As 2020 arrived, I stood at the beginning, wondering how I would carry the load and make it through the intense semester. I would say there was even a bit of dread. This would, by far, be my toughest semester of graduate/seminary studies, finishing up my second year in the Institute of Spiritual Formation program at Talbot School of Theology (Biola University). I loved this program and was learning so much, but going to school in your forties is not like going to school in your twenties.
I returned to California worn. Christmas break was tough and not relaxing. There seemed to always be one more thing on the list. Now the list was even longer—including a long list of assignments from the four different syllabi I had been given. Lord, what am I doing here? I just want to quit.
I sat down that first Saturday night back at my church in Cali not wanting to be back at this journey. Lord, is this really where you want me? I am so tired. I don’t think I even have anything left to give this semester. The pastor spoke from the Lord’s heart about Jacob wrestling with God (Genesis 32:22-32) and preparing for the decade ahead. He said, “Prepare to lose.” Now, this isn’t your typical new year, fresh start type of message. My ears perked up. Lord, where is he going with this?
I already felt like I wanted to quit. Now I’m confronted with the message—prepare to lose?
The pastor continued, “Jacob gets to this wrestling with God and he loses…after you lose, then the perfect opportunity to quit comes along…Satan wants to set up the perfect opportunity for your exit strategy…he already has you giving up on everything you dreamed of because you’re lost…But I’m glad you came to church today because I’m preparing you to lose. Just because you lost the fight does not mean you lost the blessing! It is not over!”
Tears streamed down my face.
I told a classmate that following Monday, “I almost quit the program this past weekend, but God reminded me that this season isn’t over.”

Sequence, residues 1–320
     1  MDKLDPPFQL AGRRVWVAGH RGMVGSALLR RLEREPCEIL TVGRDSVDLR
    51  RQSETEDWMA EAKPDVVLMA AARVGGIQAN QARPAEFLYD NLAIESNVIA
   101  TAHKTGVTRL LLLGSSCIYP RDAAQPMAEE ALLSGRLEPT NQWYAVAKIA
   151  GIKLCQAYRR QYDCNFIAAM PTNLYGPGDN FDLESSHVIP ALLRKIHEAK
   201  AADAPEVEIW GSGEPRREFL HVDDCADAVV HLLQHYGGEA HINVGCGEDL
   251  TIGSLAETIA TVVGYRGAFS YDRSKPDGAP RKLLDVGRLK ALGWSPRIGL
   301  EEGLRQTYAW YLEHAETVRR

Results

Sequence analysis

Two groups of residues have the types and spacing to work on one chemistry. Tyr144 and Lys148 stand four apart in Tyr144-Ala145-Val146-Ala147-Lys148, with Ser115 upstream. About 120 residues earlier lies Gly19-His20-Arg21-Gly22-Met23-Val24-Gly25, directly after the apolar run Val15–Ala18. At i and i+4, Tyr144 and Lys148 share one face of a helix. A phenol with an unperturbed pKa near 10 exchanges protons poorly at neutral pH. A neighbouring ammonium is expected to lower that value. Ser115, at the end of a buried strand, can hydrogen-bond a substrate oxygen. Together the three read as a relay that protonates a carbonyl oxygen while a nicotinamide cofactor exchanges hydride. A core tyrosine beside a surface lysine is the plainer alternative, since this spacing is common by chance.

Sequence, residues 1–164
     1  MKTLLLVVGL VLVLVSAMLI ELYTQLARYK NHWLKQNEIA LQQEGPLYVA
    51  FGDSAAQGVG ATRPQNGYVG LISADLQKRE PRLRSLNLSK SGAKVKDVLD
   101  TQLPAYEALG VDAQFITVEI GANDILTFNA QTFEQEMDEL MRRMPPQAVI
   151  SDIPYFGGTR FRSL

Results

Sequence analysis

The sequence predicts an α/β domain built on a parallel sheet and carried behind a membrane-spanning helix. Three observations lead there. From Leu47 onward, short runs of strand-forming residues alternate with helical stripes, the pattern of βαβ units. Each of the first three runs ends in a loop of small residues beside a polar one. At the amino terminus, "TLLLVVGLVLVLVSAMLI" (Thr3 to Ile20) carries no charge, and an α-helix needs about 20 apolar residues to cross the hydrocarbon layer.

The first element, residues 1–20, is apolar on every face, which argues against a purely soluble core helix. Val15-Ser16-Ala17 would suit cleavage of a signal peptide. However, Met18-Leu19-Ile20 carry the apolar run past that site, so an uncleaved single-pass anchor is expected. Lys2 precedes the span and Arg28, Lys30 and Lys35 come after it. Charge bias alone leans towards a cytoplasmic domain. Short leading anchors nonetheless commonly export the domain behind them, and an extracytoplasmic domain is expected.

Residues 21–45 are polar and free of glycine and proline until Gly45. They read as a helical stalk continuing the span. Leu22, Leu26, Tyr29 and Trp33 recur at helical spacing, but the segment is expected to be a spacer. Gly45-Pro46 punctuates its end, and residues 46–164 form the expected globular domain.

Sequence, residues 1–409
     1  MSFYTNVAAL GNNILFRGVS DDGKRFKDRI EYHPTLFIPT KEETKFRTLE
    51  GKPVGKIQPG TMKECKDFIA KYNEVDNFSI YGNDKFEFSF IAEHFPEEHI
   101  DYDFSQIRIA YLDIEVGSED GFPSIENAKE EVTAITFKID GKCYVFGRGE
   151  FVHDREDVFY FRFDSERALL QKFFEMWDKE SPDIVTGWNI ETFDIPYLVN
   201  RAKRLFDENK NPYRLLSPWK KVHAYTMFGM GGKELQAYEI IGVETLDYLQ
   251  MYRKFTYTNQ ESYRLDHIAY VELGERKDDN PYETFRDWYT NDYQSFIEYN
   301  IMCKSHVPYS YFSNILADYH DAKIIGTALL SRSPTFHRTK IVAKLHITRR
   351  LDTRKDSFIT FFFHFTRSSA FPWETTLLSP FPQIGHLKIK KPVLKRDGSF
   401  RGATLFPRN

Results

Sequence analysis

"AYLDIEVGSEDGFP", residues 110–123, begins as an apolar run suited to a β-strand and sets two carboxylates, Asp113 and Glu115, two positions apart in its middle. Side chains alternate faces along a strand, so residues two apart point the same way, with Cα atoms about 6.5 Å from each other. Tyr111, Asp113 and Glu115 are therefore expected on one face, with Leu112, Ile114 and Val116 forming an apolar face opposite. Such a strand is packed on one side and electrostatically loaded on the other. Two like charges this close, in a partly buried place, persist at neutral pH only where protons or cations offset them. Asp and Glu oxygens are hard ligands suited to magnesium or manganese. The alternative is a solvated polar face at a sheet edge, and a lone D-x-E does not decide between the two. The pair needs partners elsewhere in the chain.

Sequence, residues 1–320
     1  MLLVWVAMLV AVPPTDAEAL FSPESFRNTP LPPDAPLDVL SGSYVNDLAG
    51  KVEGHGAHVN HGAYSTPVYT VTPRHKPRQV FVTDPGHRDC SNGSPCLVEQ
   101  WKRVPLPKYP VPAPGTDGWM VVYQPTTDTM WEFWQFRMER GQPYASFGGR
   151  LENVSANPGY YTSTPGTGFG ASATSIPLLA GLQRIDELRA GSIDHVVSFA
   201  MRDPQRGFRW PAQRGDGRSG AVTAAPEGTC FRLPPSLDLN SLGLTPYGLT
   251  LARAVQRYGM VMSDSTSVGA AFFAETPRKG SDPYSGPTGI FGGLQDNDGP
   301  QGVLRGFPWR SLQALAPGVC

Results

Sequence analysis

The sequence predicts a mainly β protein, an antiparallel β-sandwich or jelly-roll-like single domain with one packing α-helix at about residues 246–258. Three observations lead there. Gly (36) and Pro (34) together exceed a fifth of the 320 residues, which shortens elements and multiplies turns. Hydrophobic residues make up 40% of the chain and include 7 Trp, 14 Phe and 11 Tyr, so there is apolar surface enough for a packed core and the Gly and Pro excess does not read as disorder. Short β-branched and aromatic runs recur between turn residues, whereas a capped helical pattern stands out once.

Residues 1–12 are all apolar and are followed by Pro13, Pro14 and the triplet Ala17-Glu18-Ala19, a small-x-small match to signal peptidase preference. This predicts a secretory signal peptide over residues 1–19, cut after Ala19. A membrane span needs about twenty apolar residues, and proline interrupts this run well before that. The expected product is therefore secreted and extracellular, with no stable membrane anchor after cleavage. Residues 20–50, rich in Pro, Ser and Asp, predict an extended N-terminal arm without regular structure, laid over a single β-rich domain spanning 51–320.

“A year of rest.” This was a phrase I began writing at the top of every page of a gratitude journal I received for Christmas. Marking 2020 as “a year of rest” seemed so bizarre. However, I began to approach my spring semester with this attitude. Every time I was at a crossroads with my work and debated whether or not I should push through or take a break, I tried to choose rest. I gave myself permission to stop pushing, to give up, and to rest.
I never imagined that after only two months in California during 2020, that my toughest semester would shift to an online format. Or that I would complete this intense task in the comfort of my Indiana home—many days in my pjs.
Yes, I did need to prepare for loss this year. I have lost a significant amount of work income, like so many. I have lost time with dear friends in California or really seeing any friends and most family face-to-face. I lost the opportunity for in-person learning and gleaning from the wisdom of my professors. And I’m sure 2020 will continue to reveal more losses in the months to come.
The end of my toughest semester is complete! Only one more year to go in this journey of graduate/seminary studies. And this invitation continues— “a year of rest.” A phrase that God had prepared all along, knowing what these months would be like.
I’m certain this rest will look different from month to month, but I am delighted to accept the invitation. I’m curious as to how God will use the rest to continue His transformation in my soul. As you may know from my past stories, rest is not one of my strengths. But I believe that He may be changing that this year.
Have you ever noticed that within the English word “wrestle” is the word “rest”? Seems like a paradox. But maybe there is something for our souls there. What if the most secure place—that place of rest—is in wrestling with the Lord (especially right now)?
What have you lost? Have you named them? Maybe the losses you experienced have been intense and painful. I am so sorry. I wish I could give you a big hug and remind you that you’re not alone. I pray you take this opportunity to wrestle with God and allow the intensity of loss to take you to that wrestling mat.
At the same time, what if this season is an invitation for something good that you didn’t expect? Like downtime you never planned. Are there places of rest that God wants to invite you to? What would it look like to walk into that, even today?
Remember, this is not over! God has not stopped being God. Check out Psalm 31 and the song of a fellow w-rest-ler. May his words be a prayer for your soul, too.
“Be strong and take heart all you who hope in the Lord” (Psalm 31:24).